I’m simply grateful you are giving us the ability to do something. I think I wrote about this? But so be it, let me say it one more time. I will probably repeat this constantly from now on. I’m glad to say thanks to you for the aid.
I don’t know to what extent we are doing the right thing.
There are cases in which we help those who perhaps don’t need it. There are cases where people lie, though we always try to check. But I know one thing for sure–I don’t sense emptiness.
There are many various feelings. Exhaustion, bitterness, unfairness, tears. Sometimes I want to give up, we have so many people under our care who have cancer and who are simply doomed. Many of them already died. Many cases are hopeless. It seems Zhenya and Lena are hit harder by these cases. They are on the spot, after all. But I return. Return to normal life. Without war.
Therefore I want to thank them once again. The very close Zhenya and Lena, whom I want to tell they are wonderful.
September 1 is right around the corner.
My entire news stream is full of pleas not to buy kids flowers on September 1 but rather donate the money to foundations.
Looking at the thousands of aid fund reposts, I realized I forgot about one thing.
On the Donbass, tens and hundreds of kids will also go to school. And they will also need notebooks, erasers, and pens. They’ll need everything, just like our kids.
War or no war. Kids go to school.
I forgot about this, as if it were happening in a parallel universe.
Oksana was one of those girls who back then, in 2014, were in the first ranks of Donbass independence defenders.
Her house remained on the other side. In Ukraine, in Kramatorsk…
The girl fought, participated in the liberation of Chernukhino. Blew up on a mine with her vehicle. The driver was torn to bits, another soldier lost an arm. She suffered a spine injury. She was taken to Rostov for surgery, had plates inserted.
Now she lives in Lugansk. Her house is where charges for “terrorism” and “separatism” are awaiting her. Her mother was held prisoner in a cellar for three days, after she tried to recreate her daughter’s documents and send them to her…
These are not merely kids. They are all foster children who live with families in Lugansk and who are listed with the city aid center. You and I helped the center make a holiday for them. Celebrate with us)))
I love such posts–about kids, smiles, joy, and gifts. It’s especially fun when there is some part of us in that. You. Me.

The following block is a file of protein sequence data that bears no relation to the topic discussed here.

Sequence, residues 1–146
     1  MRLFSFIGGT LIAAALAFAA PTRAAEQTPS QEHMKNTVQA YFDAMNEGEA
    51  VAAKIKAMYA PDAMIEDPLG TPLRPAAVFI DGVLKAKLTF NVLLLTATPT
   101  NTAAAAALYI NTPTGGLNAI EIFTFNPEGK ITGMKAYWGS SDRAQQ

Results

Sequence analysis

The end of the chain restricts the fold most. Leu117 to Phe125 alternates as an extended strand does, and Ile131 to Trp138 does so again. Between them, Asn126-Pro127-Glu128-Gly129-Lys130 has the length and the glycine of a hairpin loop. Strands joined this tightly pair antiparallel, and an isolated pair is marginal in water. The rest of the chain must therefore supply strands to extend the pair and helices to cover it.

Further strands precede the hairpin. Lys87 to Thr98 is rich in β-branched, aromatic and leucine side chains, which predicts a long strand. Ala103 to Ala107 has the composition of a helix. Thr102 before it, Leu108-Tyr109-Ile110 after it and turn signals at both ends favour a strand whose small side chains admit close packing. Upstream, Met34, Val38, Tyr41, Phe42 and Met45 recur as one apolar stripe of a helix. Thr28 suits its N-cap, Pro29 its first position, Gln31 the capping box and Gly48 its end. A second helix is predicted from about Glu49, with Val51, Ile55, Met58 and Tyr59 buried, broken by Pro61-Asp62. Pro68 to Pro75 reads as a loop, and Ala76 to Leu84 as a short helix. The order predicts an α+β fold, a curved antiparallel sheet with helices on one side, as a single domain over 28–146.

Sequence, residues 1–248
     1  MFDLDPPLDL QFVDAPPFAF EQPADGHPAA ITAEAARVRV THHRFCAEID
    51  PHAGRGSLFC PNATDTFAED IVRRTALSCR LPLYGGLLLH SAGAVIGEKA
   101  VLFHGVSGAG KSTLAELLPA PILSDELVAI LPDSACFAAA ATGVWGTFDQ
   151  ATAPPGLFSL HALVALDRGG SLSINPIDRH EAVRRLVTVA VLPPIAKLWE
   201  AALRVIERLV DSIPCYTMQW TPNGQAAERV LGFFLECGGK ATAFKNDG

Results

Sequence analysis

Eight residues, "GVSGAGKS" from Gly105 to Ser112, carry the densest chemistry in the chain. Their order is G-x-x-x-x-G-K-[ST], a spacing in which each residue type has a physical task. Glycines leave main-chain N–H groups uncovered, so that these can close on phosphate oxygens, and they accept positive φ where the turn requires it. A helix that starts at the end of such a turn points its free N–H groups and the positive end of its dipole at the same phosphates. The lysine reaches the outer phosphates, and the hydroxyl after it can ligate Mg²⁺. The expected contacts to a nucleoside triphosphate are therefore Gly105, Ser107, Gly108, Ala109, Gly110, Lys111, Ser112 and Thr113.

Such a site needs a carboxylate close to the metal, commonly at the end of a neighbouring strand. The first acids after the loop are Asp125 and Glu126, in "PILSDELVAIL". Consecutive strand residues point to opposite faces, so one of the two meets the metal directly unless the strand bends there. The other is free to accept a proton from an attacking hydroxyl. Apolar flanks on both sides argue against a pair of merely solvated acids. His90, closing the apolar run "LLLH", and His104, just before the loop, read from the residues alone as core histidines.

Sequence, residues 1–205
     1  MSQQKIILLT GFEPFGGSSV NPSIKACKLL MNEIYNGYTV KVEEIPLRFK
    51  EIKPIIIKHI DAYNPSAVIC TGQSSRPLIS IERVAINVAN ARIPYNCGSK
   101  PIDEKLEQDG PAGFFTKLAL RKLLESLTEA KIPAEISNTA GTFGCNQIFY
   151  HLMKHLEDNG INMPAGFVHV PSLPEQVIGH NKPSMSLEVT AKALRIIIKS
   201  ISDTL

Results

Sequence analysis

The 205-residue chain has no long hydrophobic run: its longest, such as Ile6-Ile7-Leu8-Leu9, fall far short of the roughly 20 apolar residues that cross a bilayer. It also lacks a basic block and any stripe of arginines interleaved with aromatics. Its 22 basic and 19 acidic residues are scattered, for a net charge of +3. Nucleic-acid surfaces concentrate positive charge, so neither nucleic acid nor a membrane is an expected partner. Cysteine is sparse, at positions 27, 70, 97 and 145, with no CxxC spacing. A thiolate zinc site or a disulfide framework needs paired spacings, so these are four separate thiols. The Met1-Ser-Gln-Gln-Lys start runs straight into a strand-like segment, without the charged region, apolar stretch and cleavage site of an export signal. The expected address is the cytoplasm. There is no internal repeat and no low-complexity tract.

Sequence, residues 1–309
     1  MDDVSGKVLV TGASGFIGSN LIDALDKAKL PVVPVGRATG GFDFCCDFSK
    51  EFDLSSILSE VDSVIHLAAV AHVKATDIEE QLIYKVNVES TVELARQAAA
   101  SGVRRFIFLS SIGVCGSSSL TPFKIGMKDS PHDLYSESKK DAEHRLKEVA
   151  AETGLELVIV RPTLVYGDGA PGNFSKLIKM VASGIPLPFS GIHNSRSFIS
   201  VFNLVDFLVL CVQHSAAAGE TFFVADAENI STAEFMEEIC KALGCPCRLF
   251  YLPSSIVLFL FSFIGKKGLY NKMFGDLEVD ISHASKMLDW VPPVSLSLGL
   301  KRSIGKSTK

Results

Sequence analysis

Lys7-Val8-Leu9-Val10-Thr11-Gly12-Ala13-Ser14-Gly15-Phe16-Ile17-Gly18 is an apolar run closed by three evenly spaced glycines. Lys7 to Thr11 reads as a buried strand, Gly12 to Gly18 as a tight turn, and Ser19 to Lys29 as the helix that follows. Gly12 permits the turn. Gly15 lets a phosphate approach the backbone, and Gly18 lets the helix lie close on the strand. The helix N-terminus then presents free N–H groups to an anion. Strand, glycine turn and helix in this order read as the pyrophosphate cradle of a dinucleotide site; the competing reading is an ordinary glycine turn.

After taking part in the competition, 40 kids were taken to a fun park with a ropes course, after which they got ice cream and candy.
Ice cream and candy provoked indescribable enthusiasm.
Many of these kids’ parents cannot right now, at a time like this, afford to even buy them ice cream.
Thanks to everyone who sent money for this activity which was part of the Day of Family, Love, and Faith celebrations.
Hurrah, my friends!)))
Zhenya said, or rather wrote, “The kids got a holiday like NO OTHER.”
And you did that)
Thanks for being there))
Katya went to Moscow to take her boy back to LPR.
Kolya has viral meningitis, and was taken to Moscow in December 2016 with the help of Liza Glinka.
He was in the Morozov Hospital until March. Had several surgeries.
He went back and forth between neurology and surgery.
It took them a long time to figure out what kind of infection caused this kind of inflammation in his head, which forced them to carry out more than one surgery in order to drain the liquid that was accumulating. It’s a major miracle that he’s survived all that.
The situation with Kolya Sipunov, whom Liza Glinka helped bring out of the Donbass prior to her death remains complex. The most important thing is that the boy had a surgery in Moscow, was transferred to another hospital, and is now in rehab.
It’s a complex situation, but most importantly, he’s alive and his chances are good.
However, his thieving mother managed to live up to her reputation again, as was expected.
I haven’t been able to visit Kolya myself for a long time, and not because I don’t want to see his mother Katya who robbed me and nearly brought about her son’s death.